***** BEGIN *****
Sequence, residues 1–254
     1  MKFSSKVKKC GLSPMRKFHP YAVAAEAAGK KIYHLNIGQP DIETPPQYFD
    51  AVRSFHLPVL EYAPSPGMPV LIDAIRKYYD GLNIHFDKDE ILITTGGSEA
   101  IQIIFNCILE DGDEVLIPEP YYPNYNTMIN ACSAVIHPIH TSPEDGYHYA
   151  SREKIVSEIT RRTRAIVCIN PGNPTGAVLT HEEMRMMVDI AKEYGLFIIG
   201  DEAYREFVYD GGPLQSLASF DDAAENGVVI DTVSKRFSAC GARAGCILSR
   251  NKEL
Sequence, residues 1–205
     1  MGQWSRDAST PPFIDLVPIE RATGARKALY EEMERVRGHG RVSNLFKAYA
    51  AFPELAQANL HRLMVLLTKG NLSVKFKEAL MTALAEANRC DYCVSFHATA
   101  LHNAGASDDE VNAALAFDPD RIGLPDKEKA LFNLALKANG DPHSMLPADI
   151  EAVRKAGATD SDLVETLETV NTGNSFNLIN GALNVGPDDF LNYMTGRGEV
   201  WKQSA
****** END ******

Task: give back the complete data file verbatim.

Sequence, residues 1–254
     1  MKFSSKVKKC GLSPMRKFHP YAVAAEAAGK KIYHLNIGQP DIETPPQYFD
    51  AVRSFHLPVL EYAPSPGMPV LIDAIRKYYD GLNIHFDKDE ILITTGGSEA
   101  IQIIFNCILE DGDEVLIPEP YYPNYNTMIN ACSAVIHPIH TSPEDGYHYA
   151  SREKIVSEIT RRTRAIVCIN PGNPTGAVLT HEEMRMMVDI AKEYGLFIIG
   201  DEAYREFVYD GGPLQSLASF DDAAENGVVI DTVSKRFSAC GARAGCILSR
   251  NKEL
Sequence, residues 1–205
     1  MGQWSRDAST PPFIDLVPIE RATGARKALY EEMERVRGHG RVSNLFKAYA
    51  AFPELAQANL HRLMVLLTKG NLSVKFKEAL MTALAEANRC DYCVSFHATA
   101  LHNAGASDDE VNAALAFDPD RIGLPDKEKA LFNLALKANG DPHSMLPADI
   151  EAVRKAGATD SDLVETLETV NTGNSFNLIN GALNVGPDDF LNYMTGRGEV
   201  WKQSA